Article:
Commentary

Gambling (Part 1)

Part 1 | Part 2 | Part 3

This article is Radley Balko’s opening remarks in a larger debate on The Economist’s website.

In January 2006, the Fairfax County, Virginia, Police Department sent a SWAT (Special Weapons and Tactics) team to the home of Sal Culosi, a 37-year-old optometrist. Several months earlier, a detective had overheard Mr Culosi and some friends making a wager on a college football game they were watching at a sports bar. The detective joined in the wagering, befriended Mr Culosi, then continued to bet on games with him, suggesting higher and higher wagers until they hit the minimum amount needed to charge Mr Culosi with running a gambling operation. During the raid, one SWAT officer fired his gun, he says by accident. The bullet struck Mr Culosi directly in the heart, killing him.

Months later, as the NCAA (National Collegiate Athletic Association) basketball tournament was about to start, the same police department that had just killed a man for betting on sports put out a press release warning residents not to wager on tournament office pools, ominously titled “Illegal Gambling Not Worth the Risk”. That same year, 2006, the Virginia state government spent $20m encouraging its citizens to play the state lottery.

Gambling is no different from any other consensual crime. Prohibiting it does not make it go away. It merely pushes it underground, where it is impossible to monitor for cheating and fraud, where the stakes are likely to be higher, and where problem gamblers stand to lose quite a bit more than merely their pay packet. When you make a popular activity illegal, you also create new sources of funding for career criminals. It is fairly well known that America’s experiment with alcohol prohibition gave rise to the mob. But Al Capone and his rivals also brought in big money from the numbers racket.

Consensual crimes like gambling also produce no aggrieved victim to report or provide evidence of the crime. All parties to a sports wager or illegal card game participate willingly. So in order to enforce these laws, police must go out and search for criminal activity. This creates a number of problems.

First, it distorts policing priorities. If there are no murder victims or reported car thefts, homicide and property crimes cops are not expected to go out and arrest people anyway. But there will always be gambling. It is just a matter of finding it. A vice cop is always expected to bring in gamblers and bookies. This creates the sort of incentive problems that cause police to send SWAT teams to the homes of people who harmlessly wager on college sports with friends, or to veterans’ halls that run charity poker games. Whether explicit or implied, vice police face quotas. It is easier to fill them with harmless gamblers than to conduct months-long investigations into major criminal enterprises. And every cop spent investigating a bookie or neighbourhood poker game is one less cop investigating crimes that produce actual victims.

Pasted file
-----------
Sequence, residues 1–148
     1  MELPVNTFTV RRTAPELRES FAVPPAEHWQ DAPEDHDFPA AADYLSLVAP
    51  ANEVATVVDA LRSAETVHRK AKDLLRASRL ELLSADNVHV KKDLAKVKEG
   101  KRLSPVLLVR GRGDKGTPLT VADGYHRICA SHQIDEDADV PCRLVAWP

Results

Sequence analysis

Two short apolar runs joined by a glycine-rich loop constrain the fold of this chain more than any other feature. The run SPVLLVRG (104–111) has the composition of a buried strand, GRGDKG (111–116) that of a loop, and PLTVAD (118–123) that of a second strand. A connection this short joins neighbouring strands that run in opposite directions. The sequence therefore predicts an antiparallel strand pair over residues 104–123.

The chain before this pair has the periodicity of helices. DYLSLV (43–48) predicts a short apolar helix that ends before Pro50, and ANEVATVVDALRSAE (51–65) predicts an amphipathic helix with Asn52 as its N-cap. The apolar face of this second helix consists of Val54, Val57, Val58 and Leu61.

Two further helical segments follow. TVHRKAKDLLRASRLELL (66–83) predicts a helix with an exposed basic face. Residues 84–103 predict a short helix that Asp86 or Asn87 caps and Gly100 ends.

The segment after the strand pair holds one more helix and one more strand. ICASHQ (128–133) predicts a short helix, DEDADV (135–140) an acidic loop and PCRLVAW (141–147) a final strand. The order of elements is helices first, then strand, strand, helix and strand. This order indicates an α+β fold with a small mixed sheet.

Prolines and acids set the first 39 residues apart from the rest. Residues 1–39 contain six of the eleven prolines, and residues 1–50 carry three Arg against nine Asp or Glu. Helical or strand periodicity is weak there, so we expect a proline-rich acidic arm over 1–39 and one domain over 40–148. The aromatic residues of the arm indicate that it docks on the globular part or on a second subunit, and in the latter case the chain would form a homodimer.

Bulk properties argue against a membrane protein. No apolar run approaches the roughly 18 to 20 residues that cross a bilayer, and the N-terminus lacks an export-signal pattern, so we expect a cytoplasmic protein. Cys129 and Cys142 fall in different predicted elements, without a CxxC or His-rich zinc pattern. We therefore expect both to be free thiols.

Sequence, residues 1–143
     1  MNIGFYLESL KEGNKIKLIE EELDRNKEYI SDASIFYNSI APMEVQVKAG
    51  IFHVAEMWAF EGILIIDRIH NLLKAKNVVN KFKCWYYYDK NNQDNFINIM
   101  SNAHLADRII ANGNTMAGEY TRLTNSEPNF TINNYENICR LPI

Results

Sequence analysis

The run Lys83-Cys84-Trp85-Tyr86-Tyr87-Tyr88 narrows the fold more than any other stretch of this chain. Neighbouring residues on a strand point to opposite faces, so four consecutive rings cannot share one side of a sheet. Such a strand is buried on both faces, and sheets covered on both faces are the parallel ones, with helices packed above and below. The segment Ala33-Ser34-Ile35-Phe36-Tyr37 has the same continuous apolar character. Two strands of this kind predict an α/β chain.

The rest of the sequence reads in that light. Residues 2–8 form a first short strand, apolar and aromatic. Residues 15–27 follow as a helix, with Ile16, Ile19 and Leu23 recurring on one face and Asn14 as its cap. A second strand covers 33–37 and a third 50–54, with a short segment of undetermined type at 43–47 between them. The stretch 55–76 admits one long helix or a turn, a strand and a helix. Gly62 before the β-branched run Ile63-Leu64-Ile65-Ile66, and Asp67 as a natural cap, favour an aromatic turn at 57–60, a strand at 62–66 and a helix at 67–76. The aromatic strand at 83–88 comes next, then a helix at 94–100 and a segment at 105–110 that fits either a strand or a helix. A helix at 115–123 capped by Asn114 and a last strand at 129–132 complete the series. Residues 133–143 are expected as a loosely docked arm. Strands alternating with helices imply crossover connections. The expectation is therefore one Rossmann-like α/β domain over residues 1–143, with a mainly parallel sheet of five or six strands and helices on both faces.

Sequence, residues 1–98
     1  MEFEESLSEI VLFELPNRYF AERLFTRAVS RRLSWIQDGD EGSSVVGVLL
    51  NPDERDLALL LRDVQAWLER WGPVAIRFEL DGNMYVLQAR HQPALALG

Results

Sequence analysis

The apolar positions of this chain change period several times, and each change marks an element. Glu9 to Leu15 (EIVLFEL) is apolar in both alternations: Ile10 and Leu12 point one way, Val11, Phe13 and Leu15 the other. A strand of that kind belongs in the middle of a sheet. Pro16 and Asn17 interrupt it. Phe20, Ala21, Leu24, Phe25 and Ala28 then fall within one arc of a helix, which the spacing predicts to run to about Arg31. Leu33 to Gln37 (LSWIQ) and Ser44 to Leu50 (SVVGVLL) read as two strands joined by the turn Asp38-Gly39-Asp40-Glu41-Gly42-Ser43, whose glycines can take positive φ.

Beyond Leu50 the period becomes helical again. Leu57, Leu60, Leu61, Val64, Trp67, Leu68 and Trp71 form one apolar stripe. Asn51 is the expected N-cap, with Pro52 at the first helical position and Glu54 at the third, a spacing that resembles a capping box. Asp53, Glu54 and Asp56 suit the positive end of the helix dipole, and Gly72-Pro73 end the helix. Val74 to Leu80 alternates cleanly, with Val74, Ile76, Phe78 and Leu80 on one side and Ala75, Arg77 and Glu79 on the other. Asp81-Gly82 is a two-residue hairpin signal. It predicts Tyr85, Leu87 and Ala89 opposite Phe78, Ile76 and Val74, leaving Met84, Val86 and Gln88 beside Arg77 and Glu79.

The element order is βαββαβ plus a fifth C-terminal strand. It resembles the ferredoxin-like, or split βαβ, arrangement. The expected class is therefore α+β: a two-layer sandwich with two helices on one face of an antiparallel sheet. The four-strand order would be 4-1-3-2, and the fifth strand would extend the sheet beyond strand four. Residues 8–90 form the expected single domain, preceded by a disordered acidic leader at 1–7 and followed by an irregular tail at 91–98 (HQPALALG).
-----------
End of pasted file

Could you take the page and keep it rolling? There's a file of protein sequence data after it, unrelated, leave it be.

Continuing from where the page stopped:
Second, the government cannot enforce a ban on gambling without intruding on the privacy and civil liberties of its citizens. When the American government attempted to ban online gambling in 2006, the preamble to the bill noted that “traditional law enforcement mechanisms are often inadequate” to enforce these sorts of bans. So the government deputised banks to police their customers’ accounts, and to block and report payments to gaming sites. There was even talk of forcing internet service providers to monitor their customers’ web habits. The bill ended up criminalising foreign companies that facilitate online payments because in addition to thousands of other clients, those companies also worked with gaming sites, even though doing so was perfectly legal in the countries where those companies were located. (The American government has actually arrested executives from those companies.) To enforce America’s drug prohibition, another ban on consensual crimes, the government has granted itself so many powers to violate its citizens’ civil liberties that some legal scholars now refer to a “drug war exception” to the Bill of Rights.

Lastly, enforcement of consensual crimes often requires police to break the very laws they are enforcing (as the detective did in the Culosi case) — or pay an informant to do it for them. This undermines respect for the rule of law, tempts law enforcement into corruption and often produces bad information.

But the strongest argument for legalising gambling is also the simplest: individual liberty. A free society where the government bans activities it finds immoral or unseemly is not really a free society. Proponents of gambling prohibition say gambling is an addiction, and often point to stories of addicts who have wagered away the kids’ college fund, lost their house, or turned to crime to pay off their debts. But foolishness with our own money should not be illegal. We do not prohibit people from blowing their savings on eBay, taking out mortgages or loans they cannot afford (at least not yet), or frittering away their pay packets on mistresses. The government has no business policing its citizens’ personal lives for bad habits (particularly when it is happy to exploit those same habits for its own benefit). If liberty means anything at all, it means the freedom to make our own choices about our own lives, our money, our habits and how we spend our leisure time, even if they happen to be choices other people would not make for themselves.

Radley Balko is a senior editor at Reason magazine.